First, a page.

On anyone’s short list of greatest comics ever, the venerable “Garfield” is going strong after more than 35 years. Now in more than 2,100 newspapers and read by more than 200 million across the world, Jim Davis‘s creation was named by Guinness World Records as “The Most Widely Syndicated Comic Strip in the World.”
One of the most influential too, its influence on pop culture since its June 19, 1978 debut undeniable.
An element of the success of the strip is its successful translation into film. Now a special DVD set, the Garfield Holiday Collection, drops on November 4 ($14.99), including such memorable shorts as “Garfield’s Halloween Adventure,” “Garfield on the Town,” “A Garfield Christmas,” “A Garfield Thanksgiving” and “Garfield in Paradise,” along with a new featurette and other extras.
Davis took some time this week to discuss the fat cat and its ongoing legacy with Wizard World.
Wizard World: Many strips have come and gone in the 35+ years since ‘Garfield’s’ debut – what are the essential elements that have made it endure?
Jim Davis: Eating and sleeping. Eating and sleeping. It never goes out of style and it doesn’t hurt that there are so many cat lovers out there.
I intentionally avoid making political statements and commenting on current events. That goes a long way in keeping the strip timeless.
Thirdly, and perhaps most importantly, I love doing the comic strip. It’s a great way to make a living.
WW: Did you start the comic with ideas of the direction it would go, or did it take on a life of its own?
JD: It definitely took on a life of its own. In fact, Jon Arbuckle was supposed to be the star of the strip. They say you should write about what you know, and I knew plenty about being a struggling cartoonist. Garfield was meant to be Jon’s sidekick but Garfield had all the best lines. It didn’t take long to recognize who the real star was.
WW: Which are some of the strips that received the most feedback, positive or negative, over that time?
JD: A strip in the early 80s…Garfield is in the same prone position looking forlorn in all three panels. First panel he says, “I’m down…down, down, down, down, down.” Second panel: “Down down down, dooby do, down, down.” Third panel: “Comma, comma, down dooby do down, down.” Neil Sedaka, who wrote those famous lines (Breaking Up Is Hard To Do) called immediately and asked for the original. Since then I’ve had lots of people mention that particular strip to me.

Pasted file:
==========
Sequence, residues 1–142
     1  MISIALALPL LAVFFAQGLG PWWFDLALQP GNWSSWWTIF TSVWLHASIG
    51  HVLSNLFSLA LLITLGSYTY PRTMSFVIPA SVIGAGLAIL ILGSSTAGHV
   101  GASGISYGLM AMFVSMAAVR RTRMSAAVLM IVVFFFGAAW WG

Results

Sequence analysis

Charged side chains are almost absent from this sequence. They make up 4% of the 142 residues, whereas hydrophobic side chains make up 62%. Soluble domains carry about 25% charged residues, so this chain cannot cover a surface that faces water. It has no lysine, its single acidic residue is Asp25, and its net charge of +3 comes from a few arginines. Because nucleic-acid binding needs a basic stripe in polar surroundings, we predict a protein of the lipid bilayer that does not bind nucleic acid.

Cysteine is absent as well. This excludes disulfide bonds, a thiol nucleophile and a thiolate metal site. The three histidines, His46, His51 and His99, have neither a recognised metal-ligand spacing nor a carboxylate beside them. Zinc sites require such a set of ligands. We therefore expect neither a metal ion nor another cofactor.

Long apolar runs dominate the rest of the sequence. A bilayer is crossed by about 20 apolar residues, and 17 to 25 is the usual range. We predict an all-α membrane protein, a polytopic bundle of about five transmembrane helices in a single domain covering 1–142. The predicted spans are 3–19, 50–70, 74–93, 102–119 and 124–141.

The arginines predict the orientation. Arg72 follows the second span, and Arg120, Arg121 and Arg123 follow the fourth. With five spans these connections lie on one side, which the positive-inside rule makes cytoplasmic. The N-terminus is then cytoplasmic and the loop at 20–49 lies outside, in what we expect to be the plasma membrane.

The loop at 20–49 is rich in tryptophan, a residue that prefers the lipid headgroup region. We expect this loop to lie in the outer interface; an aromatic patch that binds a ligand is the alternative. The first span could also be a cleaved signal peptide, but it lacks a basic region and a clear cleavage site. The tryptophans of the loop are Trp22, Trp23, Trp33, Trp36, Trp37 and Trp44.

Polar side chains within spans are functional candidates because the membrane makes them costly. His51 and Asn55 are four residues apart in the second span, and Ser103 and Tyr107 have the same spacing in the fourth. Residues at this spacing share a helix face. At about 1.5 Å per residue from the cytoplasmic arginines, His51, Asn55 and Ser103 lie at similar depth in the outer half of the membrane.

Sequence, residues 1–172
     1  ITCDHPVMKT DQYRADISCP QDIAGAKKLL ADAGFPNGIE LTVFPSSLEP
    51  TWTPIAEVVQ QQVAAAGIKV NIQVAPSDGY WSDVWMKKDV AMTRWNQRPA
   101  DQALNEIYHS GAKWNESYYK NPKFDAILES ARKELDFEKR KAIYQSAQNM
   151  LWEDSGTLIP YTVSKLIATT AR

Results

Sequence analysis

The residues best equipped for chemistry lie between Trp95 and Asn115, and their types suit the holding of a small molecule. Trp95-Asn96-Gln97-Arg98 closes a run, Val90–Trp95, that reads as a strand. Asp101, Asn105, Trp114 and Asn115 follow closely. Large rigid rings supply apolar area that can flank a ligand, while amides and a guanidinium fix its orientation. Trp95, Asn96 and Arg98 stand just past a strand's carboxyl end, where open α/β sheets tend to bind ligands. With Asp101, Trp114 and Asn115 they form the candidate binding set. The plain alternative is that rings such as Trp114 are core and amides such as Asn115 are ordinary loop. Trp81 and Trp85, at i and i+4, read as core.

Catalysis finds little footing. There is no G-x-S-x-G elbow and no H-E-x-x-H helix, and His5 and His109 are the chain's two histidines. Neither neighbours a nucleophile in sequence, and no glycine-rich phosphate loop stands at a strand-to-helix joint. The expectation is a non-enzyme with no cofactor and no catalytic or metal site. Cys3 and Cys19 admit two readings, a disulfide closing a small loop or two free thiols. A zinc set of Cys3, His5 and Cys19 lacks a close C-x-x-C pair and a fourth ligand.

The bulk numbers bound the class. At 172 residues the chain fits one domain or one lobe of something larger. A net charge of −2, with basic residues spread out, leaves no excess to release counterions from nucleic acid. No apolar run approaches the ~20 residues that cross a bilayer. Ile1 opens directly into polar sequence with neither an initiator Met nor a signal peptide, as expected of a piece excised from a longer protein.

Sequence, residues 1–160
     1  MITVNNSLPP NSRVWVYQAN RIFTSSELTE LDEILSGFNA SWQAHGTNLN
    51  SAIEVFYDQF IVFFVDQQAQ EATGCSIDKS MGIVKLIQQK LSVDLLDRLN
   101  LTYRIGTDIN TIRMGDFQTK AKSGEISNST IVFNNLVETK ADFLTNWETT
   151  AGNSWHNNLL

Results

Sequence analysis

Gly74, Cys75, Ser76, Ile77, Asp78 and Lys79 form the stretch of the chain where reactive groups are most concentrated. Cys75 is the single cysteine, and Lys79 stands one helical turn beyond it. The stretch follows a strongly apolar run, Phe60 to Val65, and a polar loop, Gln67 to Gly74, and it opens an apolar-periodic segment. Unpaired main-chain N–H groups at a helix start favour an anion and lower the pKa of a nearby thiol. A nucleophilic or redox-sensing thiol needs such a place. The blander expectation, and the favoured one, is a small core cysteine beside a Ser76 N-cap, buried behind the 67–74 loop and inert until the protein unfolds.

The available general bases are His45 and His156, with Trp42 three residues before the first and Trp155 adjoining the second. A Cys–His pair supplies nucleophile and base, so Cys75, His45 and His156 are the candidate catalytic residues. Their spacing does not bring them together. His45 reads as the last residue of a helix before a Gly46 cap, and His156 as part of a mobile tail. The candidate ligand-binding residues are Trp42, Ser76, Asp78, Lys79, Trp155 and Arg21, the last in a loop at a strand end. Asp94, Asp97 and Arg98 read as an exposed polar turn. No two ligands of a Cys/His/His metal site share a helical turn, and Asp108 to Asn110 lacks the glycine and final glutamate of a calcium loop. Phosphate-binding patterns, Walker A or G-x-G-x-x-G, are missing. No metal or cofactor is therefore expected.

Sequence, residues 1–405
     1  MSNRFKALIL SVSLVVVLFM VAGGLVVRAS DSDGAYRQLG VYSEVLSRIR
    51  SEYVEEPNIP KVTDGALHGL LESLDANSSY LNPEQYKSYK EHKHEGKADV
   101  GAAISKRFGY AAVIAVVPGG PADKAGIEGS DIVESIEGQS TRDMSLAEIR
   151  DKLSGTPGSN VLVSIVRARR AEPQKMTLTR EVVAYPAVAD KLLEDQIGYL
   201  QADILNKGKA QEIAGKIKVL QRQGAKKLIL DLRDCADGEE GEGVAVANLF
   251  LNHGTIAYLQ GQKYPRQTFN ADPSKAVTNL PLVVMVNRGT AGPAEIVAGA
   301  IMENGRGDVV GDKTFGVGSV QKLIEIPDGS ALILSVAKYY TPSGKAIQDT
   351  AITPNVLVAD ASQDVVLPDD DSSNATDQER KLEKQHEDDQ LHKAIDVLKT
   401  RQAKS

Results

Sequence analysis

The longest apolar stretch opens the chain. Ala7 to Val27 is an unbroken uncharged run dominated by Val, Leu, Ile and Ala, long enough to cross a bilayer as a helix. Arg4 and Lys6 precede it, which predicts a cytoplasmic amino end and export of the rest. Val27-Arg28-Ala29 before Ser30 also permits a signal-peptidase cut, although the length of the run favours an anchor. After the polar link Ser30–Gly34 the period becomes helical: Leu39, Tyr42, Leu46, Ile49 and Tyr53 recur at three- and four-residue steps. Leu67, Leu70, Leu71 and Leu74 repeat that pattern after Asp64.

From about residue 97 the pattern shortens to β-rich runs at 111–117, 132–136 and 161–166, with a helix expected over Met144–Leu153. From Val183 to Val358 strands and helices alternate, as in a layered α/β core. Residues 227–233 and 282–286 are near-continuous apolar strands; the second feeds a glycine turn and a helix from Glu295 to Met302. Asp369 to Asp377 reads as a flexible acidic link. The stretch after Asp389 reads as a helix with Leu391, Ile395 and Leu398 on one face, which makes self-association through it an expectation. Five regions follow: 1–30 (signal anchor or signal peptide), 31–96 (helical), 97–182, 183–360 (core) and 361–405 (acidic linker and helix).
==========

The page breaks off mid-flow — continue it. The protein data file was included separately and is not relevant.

I got some rather strange feedback from a series of strips I did near Halloween in 1989. The entire week was about Garfield getting lost and having to face his greatest fear….loneliness. It was pretty dark I suppose. I started getting calls from fans and newspaper editors who were concerned that Garfield was going to the dark side. “Is Garfield dead or just dealing with some serious existential angst?” Heck, I was just trying to do something scary for Halloween. I still get questions about that series of strips to this day.
WW: What is the significance of the franchise being privately owned, after all these years?
JD: I think getting the rights back from the syndicate was an expression of independence. I wanted to be in control of Garfield’s destiny. It may have inspired some other creators to do likewise. Intellectual property is a tricky business.
WW: It’s known that ‘Garfield’ is kind of a combination of various cats from your childhood. What are some other early influences that have gone into the franchise’s development?
JD: The simple lessons I learned from my parents as a kid…If you’re going to do something, do it right. Be nice to people. Go the extra mile (if my dad asked me to move a bail of hay, he meant five.) Family comes first. Those principles still guide me and are reflected in the franchise today.
WW: Sometimes comic strips are really best left as comics and don’t adapt as well to other media. What made ‘Garfield’ work so well in the shorts featured in the DVD collection?
JD: When I write I always picture Garfield in my head. I put him in a situation and watch what he does until there’s a funny conclusion. Then I back up three frames and boom…there’s the comic strip. Apparently that comes thru and lends to his adaptability. Garfield IS animated in my head.
WW: What was the first item or product licensed outside of the strip itself? What are some of the more unusual ones?
JD: Once the comic strip had been in the papers a few months and appeared to be gathering a following the calls started to come in. A coffee mug, a nightshirt…it was unexpected and I was unprepared. The first product that I got really excited about was the first compilation book, Garfield At Large. Some of the more unusual ones would include a toilet seat cover, a chess set, and the there was a request for us to design Garfield on a funeral urn. Thankfully that was a one-off.